Monday, September 8, 2014

Read This F@!%ing Book 23

Welcome to a feature I'm going to post on Mondays called:
Read This F@!%ing Book!

This is a feature for me to push my favorite reads that just aren't getting enough attention! 

I'm also opening it up to anyone who would like to guest post. Do you have a book that you just LURVED but feel like its not getting the play it deserves? Email me to let me know and I'd be THRILLED to have you post about it here! Especially if it's something I haven't reviewed yet - that's even better (but not necessary)! If you're interested email me:

This week's post comes from our very own: 

Read This F@!%ing Book Post 23: The Grendel Affair by Lisa Shearin 
(Click title for Amazon)

Why I Love It:
Makenna Fraser is a seer for SPI, Supernatural Protection and Investigations. She can see through magical disguises and find the bad guys. Until a few months ago she was a journalist, so she has some investigative skills, but she's still learning about the paranormal and law enforcement aspects of the agency. My first impression of this book was that it really accurately captures the feeling of being new at your job. Mac is inexperienced, but she's not incompetent. She has to rely on her co-workers more than she would like. Her partner Ian is kind of a typical cop/former military badass, but the way he looks after Mac is really sweet.
She's also got a great supporting cast made up of vampires and elves and a lot of other favorite supes. The SPI headquarters is a big melting pot that allows a lot of different types of characters to be introduced in a short amount of time and seeing Shearin's versions of all the different species is a lot of fun. I also love the way she manages to combine characters from medieval literature, like Grendel, with blockbuster films, like Jurassic Park, in the same sentence.
Why I'm Pushing It:
There are a lot of paranormal police procedurals out there. They can get kind of dark and heavy. What I love about this one is its humor. For example, some of the characters take their stereotypes literally. Mac's dragon lady boss is actually a dragon and the agency's lawyer is a vampire. Looking back at it now brings to mind Guardians of the Galaxy. Not in its setting, but in the fact that it's full of action and outrageous characters, but what I remember most is that it's funny.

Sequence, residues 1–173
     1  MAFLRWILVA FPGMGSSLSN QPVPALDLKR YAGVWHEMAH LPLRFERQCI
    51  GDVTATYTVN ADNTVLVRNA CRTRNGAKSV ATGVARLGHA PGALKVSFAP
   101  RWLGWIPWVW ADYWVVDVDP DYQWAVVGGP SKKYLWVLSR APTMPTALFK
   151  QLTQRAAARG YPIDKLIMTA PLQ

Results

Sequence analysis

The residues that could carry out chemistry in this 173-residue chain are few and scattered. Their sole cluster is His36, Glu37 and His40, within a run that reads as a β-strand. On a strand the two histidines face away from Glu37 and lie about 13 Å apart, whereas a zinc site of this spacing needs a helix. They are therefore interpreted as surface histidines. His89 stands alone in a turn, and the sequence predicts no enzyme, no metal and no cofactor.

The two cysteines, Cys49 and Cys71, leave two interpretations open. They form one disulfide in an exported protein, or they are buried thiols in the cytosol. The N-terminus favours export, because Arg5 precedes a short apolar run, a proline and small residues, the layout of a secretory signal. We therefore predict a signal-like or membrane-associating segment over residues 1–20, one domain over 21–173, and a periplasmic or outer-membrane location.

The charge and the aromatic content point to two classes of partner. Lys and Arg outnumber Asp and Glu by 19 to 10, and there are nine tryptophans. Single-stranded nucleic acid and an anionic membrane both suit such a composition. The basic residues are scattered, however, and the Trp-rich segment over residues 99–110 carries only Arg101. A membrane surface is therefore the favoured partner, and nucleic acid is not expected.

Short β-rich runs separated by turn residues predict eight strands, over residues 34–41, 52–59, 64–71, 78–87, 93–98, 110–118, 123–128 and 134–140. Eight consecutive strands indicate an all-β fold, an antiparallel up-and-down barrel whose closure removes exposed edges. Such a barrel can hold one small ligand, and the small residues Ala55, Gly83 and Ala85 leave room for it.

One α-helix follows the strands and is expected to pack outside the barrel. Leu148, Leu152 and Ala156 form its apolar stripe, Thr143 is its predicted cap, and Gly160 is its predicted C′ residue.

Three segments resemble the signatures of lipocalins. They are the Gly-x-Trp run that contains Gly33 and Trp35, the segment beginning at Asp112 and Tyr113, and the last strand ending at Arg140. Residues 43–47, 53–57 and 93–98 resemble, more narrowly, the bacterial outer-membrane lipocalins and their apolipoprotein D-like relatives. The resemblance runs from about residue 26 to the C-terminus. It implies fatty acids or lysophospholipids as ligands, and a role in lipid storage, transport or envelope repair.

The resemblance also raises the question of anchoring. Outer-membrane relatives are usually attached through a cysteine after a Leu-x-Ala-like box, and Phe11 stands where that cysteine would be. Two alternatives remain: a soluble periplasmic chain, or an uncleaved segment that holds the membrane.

Pop Culture with a Purpose!
Strangely, my favorite thing about this book about monsters from literature is its use of TV and film. The Grendel Affair has the most helpful pop culture references I've ever encountered. That may not exactly sound like a compliment, but let me explain. When a character is described as having "a square jaw and an aquiline nose," I know what those words mean, but they don't create a clear image in my head. When Shearin writes, "I'd always thought he looked like Anderson Cooper, minus the giggling sense of humor," I know exactly what Alain Moreau looks like. When a woman in the cemetery looks like the Queen of England in a blue coat, I know exactly what that means (and am even more amused by what happens to the woman later.) However, I think this is my favorite character description: "Minus the funky haircut, he looked disturbingly like a young version of the Mr. Spock cookie jar he kept on his desk filled with wasabi-covered peas." All these references add to the fun I had while reading the book, but it also helped to drive home the point that Mac lives in the same world that we do. She's just learned some things about it that the rest of us don't know yet.
The Grendel Affair is the first book in the SPI files series. A prequel novella, Lucky Charms, about Mac's first day (where she has to provide security for a leprechaun bachelor party) will be released November 25, 2014 in the anthology Night Shift. The second book in the series The Dragon Conspiracy is out January 27, 2015
Have you read this book?
Did we persuade you to add it to your TBR mountain?
Let us know in the comments below!

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